Spoiler-Free Film Reviews: GODS OF THE DEEP and THE VEIL (H.P. Lovecraft Film Festival)

October 12, 2023

Written by Joseph Perry

Joseph Perry is the Film Festival Editor for Horror Fuel; all film festival related queries and announcements should be sent to him at josephperry@gmail.com. He is a contributing writer for the "Phantom of the Movies VideoScope" and “Drive-In Asylum” print magazines and the websites Gruesome Magazine, Diabolique Magazine, The Scariest Things, B&S About Movies, and When It Was Cool. He is a co-host of the "Uphill Both Ways" pop culture nostalgia podcast and also writes for its website. Joseph occasionally proudly co-writes articles with his son Cohen Perry, who is a film critic in his own right. A former northern Californian and Oregonian, Joseph has been teaching, writing, and living in South Korea since 2008.

Gods of the Deep (U.K., 2023)


Last year, prolific director Charlie Steeds’s Freeze played Portland’s H.P. Lovecraft Film Festival, and this year his new film Gods of the Deep had its world premiere there. Steeds makes practically all manner of horror films, and his recent one-two punch of Lovecraftian horror is some of his strongest work yet. Gods of the Deep finds Jim Peters (Derek Nelson of Freeze) carrying on the research of his father, who disappeared under mysterious circumstances. He is invited by a corporation that he mistrusts to join a crew that will take the highest-tech submersible ever developed to the depths of the ocean to explore what looks like an ancient man-made structure. Subterfuge, action, cosmic horror mayhem, and creature-feature creepiness abound as the crew makes a discovery of unexpected life deep in the ocean. Steeds works miracles with his budgets, and though the special effects in Gods of the Deep sometimes show that the budget might be low, what he pulls off with practical effects is an old-school blast. For example, the command center of the submersible is reminiscent of those found in classic Irwin Allen television series, and I mean that as a high compliment. The creature effects here are also endearing to monster kids like yours truly, giving the film additional charm. The story, conflict, and drama are all keenly developed, and Steeds paces the proceedings masterfully. The cast is terrific, and along with Nelson, features Steeds regulars such as Makenna Guyler (Steeds’ The Barge People [2018]), Rory Wilton (Freeze), Rowena Bentley (Steeds’ Winterskin [2018]), and Tim Cartwright (Steeds’ A Werewolf in England [2020]), among others. U.K. horror filmmakers are churning out some of the most imaginative and effective independent fright fare being made today, and Steeds is among those at the forefront.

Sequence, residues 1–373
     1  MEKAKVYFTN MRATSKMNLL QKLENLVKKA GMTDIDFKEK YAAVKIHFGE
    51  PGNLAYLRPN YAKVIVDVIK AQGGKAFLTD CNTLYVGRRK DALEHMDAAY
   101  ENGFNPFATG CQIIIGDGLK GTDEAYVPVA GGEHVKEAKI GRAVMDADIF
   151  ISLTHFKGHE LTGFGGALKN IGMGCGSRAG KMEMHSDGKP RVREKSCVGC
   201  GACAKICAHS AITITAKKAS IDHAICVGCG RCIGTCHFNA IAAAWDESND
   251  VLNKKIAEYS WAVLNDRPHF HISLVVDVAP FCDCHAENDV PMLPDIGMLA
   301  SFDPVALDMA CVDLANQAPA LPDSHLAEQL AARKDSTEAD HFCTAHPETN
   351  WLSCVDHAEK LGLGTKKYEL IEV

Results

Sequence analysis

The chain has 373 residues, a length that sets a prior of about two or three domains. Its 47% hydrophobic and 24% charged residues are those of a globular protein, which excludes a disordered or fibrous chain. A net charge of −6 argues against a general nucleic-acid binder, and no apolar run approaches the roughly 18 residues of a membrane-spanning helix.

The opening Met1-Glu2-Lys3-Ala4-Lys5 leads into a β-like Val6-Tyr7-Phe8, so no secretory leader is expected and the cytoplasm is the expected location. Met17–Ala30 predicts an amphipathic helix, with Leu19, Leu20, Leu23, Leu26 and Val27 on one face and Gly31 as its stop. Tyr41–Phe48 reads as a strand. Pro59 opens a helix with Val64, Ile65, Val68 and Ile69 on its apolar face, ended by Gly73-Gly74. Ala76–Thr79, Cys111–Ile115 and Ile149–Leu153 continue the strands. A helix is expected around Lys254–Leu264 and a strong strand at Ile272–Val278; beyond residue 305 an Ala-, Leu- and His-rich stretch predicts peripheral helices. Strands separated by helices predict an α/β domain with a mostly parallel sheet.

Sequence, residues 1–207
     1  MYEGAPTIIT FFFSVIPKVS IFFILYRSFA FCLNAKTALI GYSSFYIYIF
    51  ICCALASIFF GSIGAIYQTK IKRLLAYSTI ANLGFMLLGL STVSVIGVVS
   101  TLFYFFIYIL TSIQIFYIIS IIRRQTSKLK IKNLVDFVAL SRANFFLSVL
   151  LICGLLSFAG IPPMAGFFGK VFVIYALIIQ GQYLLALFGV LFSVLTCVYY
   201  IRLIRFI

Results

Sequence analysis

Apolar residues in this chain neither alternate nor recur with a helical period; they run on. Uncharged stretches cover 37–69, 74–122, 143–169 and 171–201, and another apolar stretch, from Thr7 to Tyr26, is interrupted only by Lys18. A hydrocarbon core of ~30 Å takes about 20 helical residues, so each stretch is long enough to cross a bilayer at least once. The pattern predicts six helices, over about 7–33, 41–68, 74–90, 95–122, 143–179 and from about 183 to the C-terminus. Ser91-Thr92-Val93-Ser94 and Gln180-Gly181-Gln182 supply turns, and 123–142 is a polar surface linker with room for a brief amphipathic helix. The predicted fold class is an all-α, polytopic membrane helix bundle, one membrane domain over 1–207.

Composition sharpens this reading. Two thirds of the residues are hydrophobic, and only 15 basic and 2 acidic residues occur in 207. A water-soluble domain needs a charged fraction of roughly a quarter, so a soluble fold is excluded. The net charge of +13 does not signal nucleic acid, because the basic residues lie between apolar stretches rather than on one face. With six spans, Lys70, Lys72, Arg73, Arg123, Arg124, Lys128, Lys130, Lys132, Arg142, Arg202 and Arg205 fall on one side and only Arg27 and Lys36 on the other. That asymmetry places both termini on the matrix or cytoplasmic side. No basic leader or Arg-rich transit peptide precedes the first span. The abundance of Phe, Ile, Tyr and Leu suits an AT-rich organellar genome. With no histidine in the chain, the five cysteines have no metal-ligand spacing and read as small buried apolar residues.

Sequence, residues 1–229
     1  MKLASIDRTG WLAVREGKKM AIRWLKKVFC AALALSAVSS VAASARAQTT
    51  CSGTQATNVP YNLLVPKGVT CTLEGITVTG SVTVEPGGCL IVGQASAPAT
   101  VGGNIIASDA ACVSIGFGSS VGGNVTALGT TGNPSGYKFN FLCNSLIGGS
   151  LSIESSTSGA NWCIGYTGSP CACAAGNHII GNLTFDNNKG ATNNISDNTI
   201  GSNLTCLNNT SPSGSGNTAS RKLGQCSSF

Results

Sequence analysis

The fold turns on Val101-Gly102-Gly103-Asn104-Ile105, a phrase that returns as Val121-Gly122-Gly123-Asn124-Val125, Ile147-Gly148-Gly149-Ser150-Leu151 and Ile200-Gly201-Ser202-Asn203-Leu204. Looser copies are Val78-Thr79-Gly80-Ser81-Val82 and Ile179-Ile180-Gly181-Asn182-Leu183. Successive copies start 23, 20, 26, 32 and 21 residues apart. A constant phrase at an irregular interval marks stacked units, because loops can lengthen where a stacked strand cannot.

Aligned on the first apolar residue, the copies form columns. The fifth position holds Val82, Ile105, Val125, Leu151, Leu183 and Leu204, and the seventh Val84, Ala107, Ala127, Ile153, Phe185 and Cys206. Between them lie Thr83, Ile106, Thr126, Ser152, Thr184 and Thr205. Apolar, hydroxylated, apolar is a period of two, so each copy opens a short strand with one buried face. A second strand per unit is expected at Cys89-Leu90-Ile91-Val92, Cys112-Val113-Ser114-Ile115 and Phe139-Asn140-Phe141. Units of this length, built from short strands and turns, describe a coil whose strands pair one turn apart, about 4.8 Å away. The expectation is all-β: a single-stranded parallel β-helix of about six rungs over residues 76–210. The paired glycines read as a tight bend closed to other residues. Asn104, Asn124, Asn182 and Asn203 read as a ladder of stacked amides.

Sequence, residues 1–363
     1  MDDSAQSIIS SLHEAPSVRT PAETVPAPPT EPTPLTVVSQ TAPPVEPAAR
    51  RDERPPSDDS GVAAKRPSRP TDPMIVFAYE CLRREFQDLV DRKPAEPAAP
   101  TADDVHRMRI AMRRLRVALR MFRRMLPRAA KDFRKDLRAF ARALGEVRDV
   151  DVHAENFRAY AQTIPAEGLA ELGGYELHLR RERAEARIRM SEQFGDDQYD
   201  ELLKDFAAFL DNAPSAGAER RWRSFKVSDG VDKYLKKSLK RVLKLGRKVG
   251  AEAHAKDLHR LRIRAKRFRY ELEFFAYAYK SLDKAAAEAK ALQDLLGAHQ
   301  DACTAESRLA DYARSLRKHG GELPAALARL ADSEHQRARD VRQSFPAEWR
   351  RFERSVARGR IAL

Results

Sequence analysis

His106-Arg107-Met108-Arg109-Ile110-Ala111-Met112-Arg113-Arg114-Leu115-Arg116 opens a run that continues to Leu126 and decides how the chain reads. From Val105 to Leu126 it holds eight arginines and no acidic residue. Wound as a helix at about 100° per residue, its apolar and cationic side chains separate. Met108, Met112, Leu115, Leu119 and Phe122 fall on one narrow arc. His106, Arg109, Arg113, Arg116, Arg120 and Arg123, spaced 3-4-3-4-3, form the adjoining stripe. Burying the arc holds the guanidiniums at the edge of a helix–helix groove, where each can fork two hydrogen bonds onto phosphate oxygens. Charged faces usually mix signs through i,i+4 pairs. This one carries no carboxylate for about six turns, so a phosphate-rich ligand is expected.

You can check out the trailer here


The Veil (U.S., 2023)



Retired priest Douglas (Sean O’Bryan) is haunted — in more ways than one — by a decision he made in the past in writer/director Cameron Beyl’s The Veil. As a younger man decades earlier (Will Tranfo), Douglas made the decision not to help a young Amish woman when she pleaded for him to let her get in his car to escape someone. He drove away alone, and has spent time over the years wondering what happened to her. In the present, an Amish woman named Hannah (Rebekah Kennedy, who was excellent in Two Witches [2021])  comes to his home seeking assistance, and he attempts to make up for his past decision by aiding her. Circumstances become mysterious, though, and an aurora-producing solar storm adds to the gravity of the situation. O’Bryan and Kennedy display fine chemistry together in their engaging portrayals of their troubled characters. Beyl’s film is a wonderfully helmed and paced slow burner, a character study with supernatural elements that gradually reveal themselves. 



Gods of the Deep and The Veil screened as part of  H.P. Lovecraft Film Festival, which took place in Portland, Oregon from October 6–8, 2023. For more information, visit  https://hplfilmfestival.com/.

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